I am not able to start working on a piece from nothing. The impulse for writing something new can come from one short sound overheard someplace, which makes me want to construct the whole out of it. It can just the title of a poem or a song, or their fragment, a photograph, a video or an installation. Something is capable of inciting a sequence of associations in me, which I then later transpose onto sound. I never begin a piece until I have “digested” these inspirations. I collect them first, and then, for a very long time, I think about what to do with them, before I sit down in front of the staff paper. [...] And I never illustrate the world in a literal manner. My idea of music is based on its free interpretation, and a listening on several levels or layers at a time – a contemplation of sound.
Among Płonka’s pieces inspired by art is Konstrukcja w metalu / Construction in Metal for solo trumpet. In 2006, Płonka was presented with First Prize at the Tadeusz Ochlewski Competition for this piece. The young composer drew on works from Katarzyna Kobro, the avant-garde artist of the 1920s. After the October Revolution, Kobro was connected with the Soviet avant-garde and she collaborated with Malevich, Rodchenko and Tatlin. Because of the growing Soviet terror, at the end of 1921, together with her partner, the painter Władysław Strzemiński, she fled to Poland. "With her works of the inter-war period", Płonka wrote about Kobro, "she revolutionised thinking about sculpture. The form of composition doesn’t posses strict inspirations outside of music, it is just the image of my associations with the works by this artist."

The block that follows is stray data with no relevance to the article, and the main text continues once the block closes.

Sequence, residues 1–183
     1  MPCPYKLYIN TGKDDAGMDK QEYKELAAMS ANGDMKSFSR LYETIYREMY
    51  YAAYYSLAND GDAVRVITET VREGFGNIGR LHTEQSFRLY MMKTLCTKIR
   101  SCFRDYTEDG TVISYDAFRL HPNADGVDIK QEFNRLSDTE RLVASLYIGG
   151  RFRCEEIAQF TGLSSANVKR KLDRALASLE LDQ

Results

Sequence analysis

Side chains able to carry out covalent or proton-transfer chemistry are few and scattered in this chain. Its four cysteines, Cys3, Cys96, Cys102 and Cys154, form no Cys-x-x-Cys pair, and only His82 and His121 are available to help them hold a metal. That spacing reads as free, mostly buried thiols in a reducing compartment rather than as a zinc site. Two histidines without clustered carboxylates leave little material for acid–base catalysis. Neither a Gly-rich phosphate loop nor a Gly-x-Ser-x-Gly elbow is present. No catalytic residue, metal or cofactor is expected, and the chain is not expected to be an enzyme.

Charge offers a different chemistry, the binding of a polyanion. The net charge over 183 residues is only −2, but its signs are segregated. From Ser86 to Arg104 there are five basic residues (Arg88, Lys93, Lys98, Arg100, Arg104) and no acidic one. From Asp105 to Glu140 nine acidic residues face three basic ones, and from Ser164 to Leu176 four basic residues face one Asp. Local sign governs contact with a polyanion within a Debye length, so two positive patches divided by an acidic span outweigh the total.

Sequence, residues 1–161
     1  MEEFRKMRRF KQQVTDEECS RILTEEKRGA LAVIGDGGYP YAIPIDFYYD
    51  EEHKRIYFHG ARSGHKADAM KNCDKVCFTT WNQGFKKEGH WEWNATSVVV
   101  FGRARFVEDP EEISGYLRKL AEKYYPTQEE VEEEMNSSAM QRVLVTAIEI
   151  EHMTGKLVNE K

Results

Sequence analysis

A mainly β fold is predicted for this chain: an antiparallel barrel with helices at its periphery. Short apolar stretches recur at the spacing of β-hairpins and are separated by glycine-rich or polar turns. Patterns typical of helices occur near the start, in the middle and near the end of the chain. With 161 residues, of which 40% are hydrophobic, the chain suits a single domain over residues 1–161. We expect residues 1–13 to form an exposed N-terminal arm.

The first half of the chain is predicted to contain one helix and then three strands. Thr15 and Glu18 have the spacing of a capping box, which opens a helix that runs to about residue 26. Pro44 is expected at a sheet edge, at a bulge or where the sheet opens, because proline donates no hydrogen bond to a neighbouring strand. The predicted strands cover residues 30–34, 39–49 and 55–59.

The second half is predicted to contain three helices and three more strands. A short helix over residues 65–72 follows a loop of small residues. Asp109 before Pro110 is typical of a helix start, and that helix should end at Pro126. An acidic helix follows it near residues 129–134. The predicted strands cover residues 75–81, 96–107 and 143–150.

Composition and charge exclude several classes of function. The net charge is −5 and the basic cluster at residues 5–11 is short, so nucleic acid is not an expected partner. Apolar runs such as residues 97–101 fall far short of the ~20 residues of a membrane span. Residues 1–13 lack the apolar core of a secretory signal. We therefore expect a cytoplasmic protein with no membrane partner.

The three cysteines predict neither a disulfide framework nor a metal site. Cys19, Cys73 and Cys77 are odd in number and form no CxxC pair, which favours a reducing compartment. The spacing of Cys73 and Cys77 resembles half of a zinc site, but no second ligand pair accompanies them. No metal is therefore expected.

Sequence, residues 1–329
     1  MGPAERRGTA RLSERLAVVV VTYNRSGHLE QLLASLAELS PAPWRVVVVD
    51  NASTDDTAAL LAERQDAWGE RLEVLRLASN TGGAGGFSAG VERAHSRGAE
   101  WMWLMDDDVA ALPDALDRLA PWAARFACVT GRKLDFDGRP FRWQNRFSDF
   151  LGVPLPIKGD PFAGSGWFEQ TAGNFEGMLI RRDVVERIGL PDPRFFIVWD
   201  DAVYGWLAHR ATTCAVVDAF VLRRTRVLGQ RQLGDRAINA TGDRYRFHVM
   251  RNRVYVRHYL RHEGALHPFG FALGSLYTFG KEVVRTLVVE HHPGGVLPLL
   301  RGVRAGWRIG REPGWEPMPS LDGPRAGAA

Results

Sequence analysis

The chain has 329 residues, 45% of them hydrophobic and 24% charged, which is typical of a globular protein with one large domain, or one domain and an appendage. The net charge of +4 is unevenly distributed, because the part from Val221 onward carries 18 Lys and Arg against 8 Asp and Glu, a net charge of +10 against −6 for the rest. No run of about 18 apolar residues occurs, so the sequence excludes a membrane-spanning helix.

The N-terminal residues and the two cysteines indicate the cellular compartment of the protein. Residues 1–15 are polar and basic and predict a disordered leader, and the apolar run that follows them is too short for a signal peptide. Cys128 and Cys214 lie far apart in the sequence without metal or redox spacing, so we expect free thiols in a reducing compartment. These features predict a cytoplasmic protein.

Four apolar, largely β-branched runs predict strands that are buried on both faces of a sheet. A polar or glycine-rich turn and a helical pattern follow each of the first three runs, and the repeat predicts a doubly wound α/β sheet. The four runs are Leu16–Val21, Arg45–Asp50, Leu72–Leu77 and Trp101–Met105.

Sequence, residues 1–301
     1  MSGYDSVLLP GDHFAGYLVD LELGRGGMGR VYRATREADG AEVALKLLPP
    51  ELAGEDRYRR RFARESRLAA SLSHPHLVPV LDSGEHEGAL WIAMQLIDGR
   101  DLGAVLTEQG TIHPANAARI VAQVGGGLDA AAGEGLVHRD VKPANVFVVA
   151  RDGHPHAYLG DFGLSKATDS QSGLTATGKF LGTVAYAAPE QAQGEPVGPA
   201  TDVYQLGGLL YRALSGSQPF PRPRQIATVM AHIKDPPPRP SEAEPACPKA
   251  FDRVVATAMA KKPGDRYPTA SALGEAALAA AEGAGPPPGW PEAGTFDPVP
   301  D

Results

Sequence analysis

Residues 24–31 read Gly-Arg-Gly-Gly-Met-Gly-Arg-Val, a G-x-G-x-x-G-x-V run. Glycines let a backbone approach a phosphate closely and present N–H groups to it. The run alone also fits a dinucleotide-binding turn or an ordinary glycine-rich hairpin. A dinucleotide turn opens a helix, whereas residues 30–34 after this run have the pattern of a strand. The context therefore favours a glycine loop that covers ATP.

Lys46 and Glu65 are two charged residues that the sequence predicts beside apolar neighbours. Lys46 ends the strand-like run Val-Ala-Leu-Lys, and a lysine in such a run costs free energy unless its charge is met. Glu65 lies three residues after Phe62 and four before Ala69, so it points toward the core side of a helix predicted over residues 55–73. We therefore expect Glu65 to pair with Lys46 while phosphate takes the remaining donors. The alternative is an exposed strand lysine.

When asked about his musical inspirations, the composer lists the top artists of the early 20th century – Witold Lutosławski ("In Poland he is probably admired by everyone with no exception, and there is even no point in saying what for, as it is so obvious"), George Crumb ("for a literally infantile imagination and an experimental stance, the scope of his fantasy within sound, as well as the mystery and magic of his compositions") and Charles Ives ("his music is just crazy, brave and absolutely uncompromising"). Later he lists composers connected spectralism - Saariaho, Brewaeys, Le Roux, Hurrel – but in no way does he limit himself to composing contemporary music.
Sometimes I borrow ideas from pop - mainly electronic music - and although they are very distant inspirations, they are there somewhere in my compositions. As a teenager I used to listen to a lot of deep and vocal house, as well as Detroit techno. I was fascinated with club music from the late 1990s. I even collected vinyl, but I could only dream of a set of turntables. After all these years, I really appreciate the conservatism of my parents, who didn’t allow me to participate in this club life to the full, because I probably would have perished there.
CROON is a piece for the cello and piano, written in 2009. All the sounds that we hear in this piece have their finale, they resonate and can be taken in their entirety. It is not minimalism that we are dealing with here, the composer just allows us to listen into each gesture made by the instrumentalists and each consonance created by the cello and the piano. "Music needs a good listening into" seems to be what the musicians in CROON are telling us, and they calmly weave their multi-themed tale, taking on both meanings of the titulary name of the piece. And as one does tune in and listen, the unusual inspirations of Płonka seem to surface. Isn’t the syncope rhythm of the piano reminiscent of old-school house and the repeated motives thumping in night clubs of the 1990s?